Yankees-Red Sox: not as big a deal as it usually is

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Yankees Red Sox rivalry.jpgHow often do the Yankees face the Red Sox and have the mere fact of the matchup not be the biggest thing going that week?  That’s certainly the case this week as, at least by my reckoning, the two-game tilt with the Sox ranks third or maybe fourth on the Bronx Bombers’ hype-o-meter.  Above it:

  • Coming to grips with the Mariano Meltdown yesterday.  Like I said earlier today, I think Mo will be just fine — we all have bad days at work sometimes — but you can bet that the team will be asked many more questions about yesterday’s aberration before tonight’s game than they will about the Red Sox;
  • The Rays series. The Yankees took two of three from the Rays back in the first week of the season, but that was before we all got our minds around how good the Rays are.  Two games against the team you’re trailing in the standings > two games against a scuffling Red Sox squad, and that’s the case no matter how much lip service the Yankees pay the Sox today and tomorrow;
  • The Subway Series kicks off this weekend with three games at Citi Field.  Maybe the players are above it all, but the press and the fans in New York are probably wondering if the Yankees can deliver a knockout blow to the Jerry Manuel era with a decisive series. That is, if Manuel even survives the week.

So yes, Yankees-Red Sox is a big deal and, usual ESPN-bashing notwithstanding, it is probably the best matchup going tonight and thus worthy of the national broadcast (that is, unless San Francisco and San Diego want to move their game to 4:05 PM Pacific Time). 

But it ain’t the kind of big news it usually is, and probably isn’t even the biggest thing on the Yankees’ mind this week.

Report: Marlins intent on adding a big-three reliever

CHICAGO, IL - JULY 28:  Aroldis Chapman #54 of the Chicago Cubs pitches in the 9th inning against the Chicago Cubs at Wrigley Field on July 28, 2016 in Chicago, Illinois. The Cubs defeated the White Sox 3-1.  (Photo by Jonathan Daniel/Getty Images)
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The Marlins are intent on adding one of the three best relievers available on the free agent market, Jon Heyman of FanRag Sports reports. Those three, of course, are Aroldis Chapman, Kenley Jansen, and Mark Melancon.

As Ashley noted earlier, Melancon is reportedly fielding multiple four-year offers in excess of $60 million. The price tags for Chapman and Jansen are likely to match or exceed that. The Marlins haven’t typically been eager to whip out the checkbook for free agents but with the bullpen being the name of the game in baseball these days, GM Michael Hill may feel the need to match his rivals.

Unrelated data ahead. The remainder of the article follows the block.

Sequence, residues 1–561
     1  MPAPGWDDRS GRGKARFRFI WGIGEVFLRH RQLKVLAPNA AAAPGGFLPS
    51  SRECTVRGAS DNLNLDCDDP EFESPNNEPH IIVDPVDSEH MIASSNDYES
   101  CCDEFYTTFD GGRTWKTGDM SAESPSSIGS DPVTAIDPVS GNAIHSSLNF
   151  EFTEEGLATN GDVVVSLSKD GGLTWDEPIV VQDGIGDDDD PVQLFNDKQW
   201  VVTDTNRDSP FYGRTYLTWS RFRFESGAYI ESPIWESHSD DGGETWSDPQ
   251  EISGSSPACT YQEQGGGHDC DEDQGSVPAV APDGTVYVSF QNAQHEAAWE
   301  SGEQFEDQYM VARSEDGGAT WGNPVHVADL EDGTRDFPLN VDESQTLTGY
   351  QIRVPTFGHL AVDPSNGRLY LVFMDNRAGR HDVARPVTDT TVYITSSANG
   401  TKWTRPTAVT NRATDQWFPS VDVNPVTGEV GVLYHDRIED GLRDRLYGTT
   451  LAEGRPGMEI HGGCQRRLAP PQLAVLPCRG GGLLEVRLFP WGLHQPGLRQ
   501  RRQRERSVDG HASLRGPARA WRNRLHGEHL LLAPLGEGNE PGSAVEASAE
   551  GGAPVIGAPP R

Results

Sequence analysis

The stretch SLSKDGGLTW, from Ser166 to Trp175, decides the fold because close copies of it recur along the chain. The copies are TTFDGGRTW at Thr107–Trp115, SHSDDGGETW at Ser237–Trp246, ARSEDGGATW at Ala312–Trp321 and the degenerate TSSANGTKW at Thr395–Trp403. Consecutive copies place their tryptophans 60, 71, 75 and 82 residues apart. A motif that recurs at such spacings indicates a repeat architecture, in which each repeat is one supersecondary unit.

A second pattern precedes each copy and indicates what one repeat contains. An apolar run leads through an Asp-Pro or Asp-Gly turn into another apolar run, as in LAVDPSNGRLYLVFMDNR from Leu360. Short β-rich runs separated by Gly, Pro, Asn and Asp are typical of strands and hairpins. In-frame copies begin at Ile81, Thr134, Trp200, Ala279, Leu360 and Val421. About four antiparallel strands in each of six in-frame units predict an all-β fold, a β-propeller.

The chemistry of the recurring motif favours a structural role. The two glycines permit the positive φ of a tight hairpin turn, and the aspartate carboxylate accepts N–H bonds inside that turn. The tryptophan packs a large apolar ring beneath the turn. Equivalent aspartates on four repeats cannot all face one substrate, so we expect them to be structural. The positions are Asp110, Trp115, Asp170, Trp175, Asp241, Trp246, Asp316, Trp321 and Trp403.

The Nationals, Giants, Yankees, Cubs, and Dodgers are the teams most often linked to the “big-three” group of relievers, so it won’t be easy for the Marlins.

A.J. Ramos handled the closer’s role for the Marlins this past season and did an admirable job, saving 40 games with a 2.81 ERA and a 73/35 K/BB ratio in 64 innings. There’s no doubt, though, that Chapman, Jansen, or Melancon would represent a significant upgrade in the ninth inning.

Bryan Price likely to use Raisel Iglesias, Tony Cingrani, and Michael Lorenzen in closer’s role

Cincinnati Reds starting pitcher Raisel Iglesias throws in the first inning of their opening day baseball game against the Philadelphia Phillies, Monday, April 4, 2016, in Cincinnati. (AP Photo/John Minchillo)
AP Photo/John Minchillo
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C. Trent Rosecrans of the Cincinnati Enquirer reports that Reds manager Bryan Price is likely going to use a trio of pitchers in the closer’s role: Raisel Iglesias, Tony Cingrani, and Michael Lorenzen. At RedsFest on Saturday, Price said:

I’d say right now that we have a series of guys that I’m comfortable with in the ninth inning and that would include (Raisel) Iglesias, (Tony) Cingrani and (Michael Lorenzen). Should we stay with this format – which I intend to do – all three of those guys and maybe more could have opportunities in save situations. At this point in time, there’s no defined closer. There are multiple options and I’d like to stick with the philosophy that we’re going to have our multi-inning guys, so we’re going to need multi-closers.

This seems to be part of the new bullpen zeitgeist in which managers are shying away from strictly-defined roles for their relievers. Indians manager Terry Francona’s postseason success using Andrew Miller likely had some degree of influence on Price’s willingness to go with a three-headed giant.

Iglesias started the 2016 season in the Reds’ rotation but missed two months with an injury, then moved to the bullpen in late June. Price put him in the closer’s role down the stretch in September. The right-hander overall finished the season with a 2.53 ERA and an 83/26 K/BB ratio in 78 1/3 innings.

Cingrani battled control issues in his 63 innings of work this past season, finishing with a 4.14 ERA and a 49/37 K/BB ratio. He’s left-handed, though, and gives Price some matchup flexibility in the late innings.

Lorenzen impressed in his first full season as a reliever, ending the year with a 2.88 ERA and a 48/13 K/BB ratio in 50 innings. The right-hander uses a fastball that sits around 96 MPH on average along with a cutter and slider.